“The bulk of my portfolio is the three index funds, but as we hit higher numbers from a financial freedom perspective, we wanted to bring in a little bit of extra risk,” he said. “It’s asymmetric reward to risk. So I wanted to bring in individual stocks, as well as crypto. I have bitcoin and ethereum.
Crypto also represents a sliver of his overall portfolio. He said his philosophy about risky investments like crypto was to buy a small enough amount so that “if you lose 100% of it, it’s not going to hurt you.”
Diversifying their overall portfolio with real estate
Until recently, the couple’s net worth was mostly tied up in the stock market and their primary home, which they own outright.
After researching how the wealthiest people invest their money, Brennan concluded that “there are three things that wealthy people invest in: the stock market, business, and real estate.”
We have the stock market investment; I own my own business and eventually want to get into buying businesses down the road; the only thing we really were lacking was real estate, outside of our personal residence,” he said.
This year, Brennan invested in his first real-estate syndication, which is when investors pool money to purchase a property. Once they contribute capital, their role in the deal becomes completely passive. The real-estate syndicator is responsible for finding the deal, executing the transaction, and, ultimately, delivering returns to the investors.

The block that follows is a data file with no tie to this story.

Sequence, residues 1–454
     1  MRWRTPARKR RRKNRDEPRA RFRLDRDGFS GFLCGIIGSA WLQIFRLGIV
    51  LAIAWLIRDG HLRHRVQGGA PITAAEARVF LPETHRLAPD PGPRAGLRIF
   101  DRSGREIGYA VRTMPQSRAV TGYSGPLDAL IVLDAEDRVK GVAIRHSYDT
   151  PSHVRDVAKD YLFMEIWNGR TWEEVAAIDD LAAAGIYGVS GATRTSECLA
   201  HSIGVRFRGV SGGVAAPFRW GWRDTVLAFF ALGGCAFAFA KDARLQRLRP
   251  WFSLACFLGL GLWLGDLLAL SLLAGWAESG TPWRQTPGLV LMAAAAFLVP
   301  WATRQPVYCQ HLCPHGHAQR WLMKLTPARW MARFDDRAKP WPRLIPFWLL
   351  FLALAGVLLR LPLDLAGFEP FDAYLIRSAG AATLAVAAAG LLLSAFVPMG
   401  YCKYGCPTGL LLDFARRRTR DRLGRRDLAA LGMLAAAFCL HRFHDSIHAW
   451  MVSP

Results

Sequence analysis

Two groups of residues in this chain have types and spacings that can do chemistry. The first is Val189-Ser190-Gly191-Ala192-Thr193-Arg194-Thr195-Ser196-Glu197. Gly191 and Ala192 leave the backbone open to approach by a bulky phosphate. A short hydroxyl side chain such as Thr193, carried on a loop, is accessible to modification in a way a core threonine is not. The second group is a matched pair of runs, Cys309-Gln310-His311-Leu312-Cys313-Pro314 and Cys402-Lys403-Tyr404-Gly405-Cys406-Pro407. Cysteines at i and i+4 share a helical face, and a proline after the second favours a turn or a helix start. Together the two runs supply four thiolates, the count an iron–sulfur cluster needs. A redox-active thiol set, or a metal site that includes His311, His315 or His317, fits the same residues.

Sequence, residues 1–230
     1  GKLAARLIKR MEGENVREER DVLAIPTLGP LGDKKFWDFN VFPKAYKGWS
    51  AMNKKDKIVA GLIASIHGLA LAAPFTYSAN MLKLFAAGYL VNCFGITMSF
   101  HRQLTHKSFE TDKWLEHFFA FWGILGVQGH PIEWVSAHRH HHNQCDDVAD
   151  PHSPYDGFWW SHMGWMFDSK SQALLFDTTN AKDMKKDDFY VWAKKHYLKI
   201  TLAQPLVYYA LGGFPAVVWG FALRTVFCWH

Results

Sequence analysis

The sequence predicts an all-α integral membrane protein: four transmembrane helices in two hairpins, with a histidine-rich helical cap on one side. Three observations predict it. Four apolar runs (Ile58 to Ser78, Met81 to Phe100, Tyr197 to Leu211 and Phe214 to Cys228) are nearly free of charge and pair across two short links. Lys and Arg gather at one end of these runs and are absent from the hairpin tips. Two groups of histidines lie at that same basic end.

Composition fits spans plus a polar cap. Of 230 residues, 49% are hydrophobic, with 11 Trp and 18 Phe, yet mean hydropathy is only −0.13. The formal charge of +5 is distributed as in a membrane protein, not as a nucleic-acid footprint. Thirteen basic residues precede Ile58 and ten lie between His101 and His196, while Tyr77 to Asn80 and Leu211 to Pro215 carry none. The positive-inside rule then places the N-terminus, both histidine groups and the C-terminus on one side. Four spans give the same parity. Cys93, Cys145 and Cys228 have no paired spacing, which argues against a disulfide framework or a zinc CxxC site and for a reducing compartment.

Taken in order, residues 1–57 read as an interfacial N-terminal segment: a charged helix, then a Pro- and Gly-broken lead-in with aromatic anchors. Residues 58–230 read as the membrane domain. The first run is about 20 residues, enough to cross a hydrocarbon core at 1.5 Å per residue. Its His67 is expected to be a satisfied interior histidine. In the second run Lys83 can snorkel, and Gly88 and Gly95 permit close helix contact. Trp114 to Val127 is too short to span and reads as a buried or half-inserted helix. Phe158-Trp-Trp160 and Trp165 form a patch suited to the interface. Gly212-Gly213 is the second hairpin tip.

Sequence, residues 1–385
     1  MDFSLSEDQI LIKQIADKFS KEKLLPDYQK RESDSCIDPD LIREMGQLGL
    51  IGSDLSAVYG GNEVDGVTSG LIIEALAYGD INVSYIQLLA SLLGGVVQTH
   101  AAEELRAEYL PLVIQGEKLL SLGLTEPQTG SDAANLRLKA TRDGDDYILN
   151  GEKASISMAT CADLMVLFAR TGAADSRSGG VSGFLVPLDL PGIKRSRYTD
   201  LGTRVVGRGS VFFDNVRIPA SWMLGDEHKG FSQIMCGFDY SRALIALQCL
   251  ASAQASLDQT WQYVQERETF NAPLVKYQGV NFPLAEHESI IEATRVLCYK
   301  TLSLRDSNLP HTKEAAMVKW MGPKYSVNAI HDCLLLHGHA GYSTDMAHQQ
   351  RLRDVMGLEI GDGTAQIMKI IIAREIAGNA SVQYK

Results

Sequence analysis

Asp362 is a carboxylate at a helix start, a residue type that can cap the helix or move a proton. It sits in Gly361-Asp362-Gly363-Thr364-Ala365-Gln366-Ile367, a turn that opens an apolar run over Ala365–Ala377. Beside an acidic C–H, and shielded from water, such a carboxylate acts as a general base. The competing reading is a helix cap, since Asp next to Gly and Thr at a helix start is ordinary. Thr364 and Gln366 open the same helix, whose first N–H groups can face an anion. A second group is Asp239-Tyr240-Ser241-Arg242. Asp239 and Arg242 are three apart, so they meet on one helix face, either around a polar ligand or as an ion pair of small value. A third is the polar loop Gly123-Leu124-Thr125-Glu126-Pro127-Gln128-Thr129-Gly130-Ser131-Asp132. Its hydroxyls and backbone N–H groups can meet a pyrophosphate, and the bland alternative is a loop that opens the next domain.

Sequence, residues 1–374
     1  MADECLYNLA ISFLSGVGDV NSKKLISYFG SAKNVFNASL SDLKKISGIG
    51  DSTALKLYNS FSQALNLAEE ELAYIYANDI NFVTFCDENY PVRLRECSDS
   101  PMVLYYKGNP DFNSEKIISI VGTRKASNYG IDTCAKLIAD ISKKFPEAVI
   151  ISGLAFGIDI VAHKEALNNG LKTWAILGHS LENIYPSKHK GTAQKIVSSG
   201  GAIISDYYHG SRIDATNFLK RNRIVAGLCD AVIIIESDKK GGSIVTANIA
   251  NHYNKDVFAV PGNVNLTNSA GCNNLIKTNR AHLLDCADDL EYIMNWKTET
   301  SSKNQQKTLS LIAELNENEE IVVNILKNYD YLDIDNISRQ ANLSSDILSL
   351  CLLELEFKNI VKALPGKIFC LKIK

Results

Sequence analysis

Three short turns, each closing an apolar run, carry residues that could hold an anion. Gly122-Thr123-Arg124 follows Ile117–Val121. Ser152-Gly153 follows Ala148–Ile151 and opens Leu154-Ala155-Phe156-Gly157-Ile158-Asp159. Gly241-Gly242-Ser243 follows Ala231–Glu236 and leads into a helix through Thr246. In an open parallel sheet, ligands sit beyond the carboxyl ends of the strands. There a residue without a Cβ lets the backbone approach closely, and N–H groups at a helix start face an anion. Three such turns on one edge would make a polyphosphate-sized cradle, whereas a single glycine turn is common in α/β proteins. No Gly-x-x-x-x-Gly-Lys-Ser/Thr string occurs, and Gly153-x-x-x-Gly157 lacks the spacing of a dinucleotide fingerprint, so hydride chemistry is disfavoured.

Brennan, who runs his business full-time and is expecting a second kid in the fall, liked the idea of being a hands-off investor.
“It’s a totally passive way of investing in real estate,” he said. “I don’t have to do anything. And that’s the approach I really wanted to take with real estate. As much as I wanted to get into rentals, it was just too much for our family to commit to.
Besides the addition of the syndication deal, “a lot of the investment strategies I do stay the same,” he said. He believes that if you want to build wealth, at the end of the day, “you don’t have to get complicated. You don’t have to continue to switch it up.”